Okay and then for Shawn, it sounds like you guys have between cash-on-hand and kind of pro forma availability on the line, over a $100 million of dry powder here for investments, just kind of wonder how you think about that versus the potential to maybe you have to take the choice or Omnicom mortgages on the balance sheet and kind of what’s your current thinking for that now, just also, as you look to expand capacity, given where the stock price is versus where the preferred market is, what would be your preferred choice here to blend in with some secured debt on future acquisitions.

Shawn Seale

We certainly like to maintain flexibility in terms of how we grow the portfolio, how we finance our existing properties and so on. So as you’ve seen us we do in the past, we will be diligent raising capital in the right sizes and in right portions of our capital stack where it makes sense to do so.

Yes, we did a small offering, as you saw earlier in the first quarter with a new Series C preferred which is showing up as at least a 100 basis point drop in that level of our cost to capital. As you mentioned we may in fact payoff certain of the property mortgages and put them in the balance sheet or put them in the line. So we feel like we are continuing to make good steady progress on building that financing flexibility. We feel like we’ve got very good access to common preferred secured debt capital right now. So things are feeling very good.

Operator

Thank you. (Operator Instructions). Our next question is for Hall Jones with AEW Capital. Please proceed with your question.

Hall Jones - AEW Capital

Yes, I would like to ask a question kind of the same lines, and if you have mentioned this earlier, I apologize, but as far as the competition for acquisitions, how much are entities like American Realty Inc. dipping into the waters that you typically are swimming in when you are looking for acquisitions?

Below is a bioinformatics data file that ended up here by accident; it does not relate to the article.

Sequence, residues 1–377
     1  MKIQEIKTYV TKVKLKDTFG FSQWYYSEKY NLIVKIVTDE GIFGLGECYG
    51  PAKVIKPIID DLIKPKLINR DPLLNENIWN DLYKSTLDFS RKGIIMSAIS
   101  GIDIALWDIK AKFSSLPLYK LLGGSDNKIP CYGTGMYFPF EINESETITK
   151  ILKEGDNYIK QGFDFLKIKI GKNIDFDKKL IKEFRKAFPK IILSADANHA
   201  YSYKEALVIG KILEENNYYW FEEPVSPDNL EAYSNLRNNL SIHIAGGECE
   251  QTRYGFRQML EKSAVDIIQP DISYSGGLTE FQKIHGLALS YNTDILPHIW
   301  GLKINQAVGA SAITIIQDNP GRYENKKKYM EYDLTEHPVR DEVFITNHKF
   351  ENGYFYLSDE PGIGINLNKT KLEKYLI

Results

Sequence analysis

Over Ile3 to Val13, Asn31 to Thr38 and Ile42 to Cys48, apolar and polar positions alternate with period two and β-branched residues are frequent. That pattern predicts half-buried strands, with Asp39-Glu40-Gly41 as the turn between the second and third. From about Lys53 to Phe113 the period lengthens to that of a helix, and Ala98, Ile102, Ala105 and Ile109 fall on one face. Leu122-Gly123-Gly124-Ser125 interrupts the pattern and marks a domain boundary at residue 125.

Paul McDowell

We see them relatively infrequently, and the reason is that they have a tendency to focus on the smaller asset classes like bank branches and CVSs and Walgreen in the retail sector, which is the sector that we don’t particularly traffic in. In the larger office sector they look for assets, $80 million, $100 million, sort of the trophy office building if you will, whereas we look for fungible office buildings in the smaller footprint of $30 million to $40 million. So, I don’t want to say there isn’t competition, there is; but we don’t typically see the non-traded rates as much.

Hall Jones - AEW Capital

Are there any new players that you have seen come in the last year or two, or is it the usual players that you have been competing against?

Paul McDowell

Yes, it’s a pretty diffused market, right. We often don’t know who the competition is. You certainly don’t know during the process when you are looking to buy the building and sometimes you find out later. I would say there is no category killer competition competitor that we have seen in our sector of the market. We continue to have to face pretty stiff competition as we go out there, but I don’t see the competition as particularly greater in the past year or two years than it has been, say over the past six or seven years.

Hall Jones - AEW Capital

So the drive for yield hasn’t quite made it into your pond yet.

Paul McDowell

No, it has to some degree but I also think on the other side of the component what has changed is that we used to face competition from lots of smaller entities that could finance the assets at 95% loan-to-value ratios. So, you didn’t have to have a lot of equity to play in our sector. That’s changed, right, and now you have to have 40, 50, 60 points of equity to buy these assets. So the sheer number of competitors is down.

However, the competitors that remain are all reasonably well capitalized and everyone is trying to chase yield. The long term nature of our leases, you can never trick yourself as to where you think yield is going in the next few years. You can’t immediately raise rents. So that has a tendency to mute the cap rate compression.

And actually one other point I want to make too is that, the spreads where we’re able to finance these assets are as wide as we’ve ever seen them. So even though we’ve seen some cap rate compression we’re able to finance the assets at very, very low interest rates. So, our total net spread of 400 basis points is very wide and that’s driven very, very strong cash-on-cash returns.

Operator

(Operator Instructions). Mr. McDowell, there are no further questions at this time. I would like to turn the floor back over to you for closing comments.

Paul McDowell

Thank you everyone and we look forward to updating you on our first quarter conference call in several months.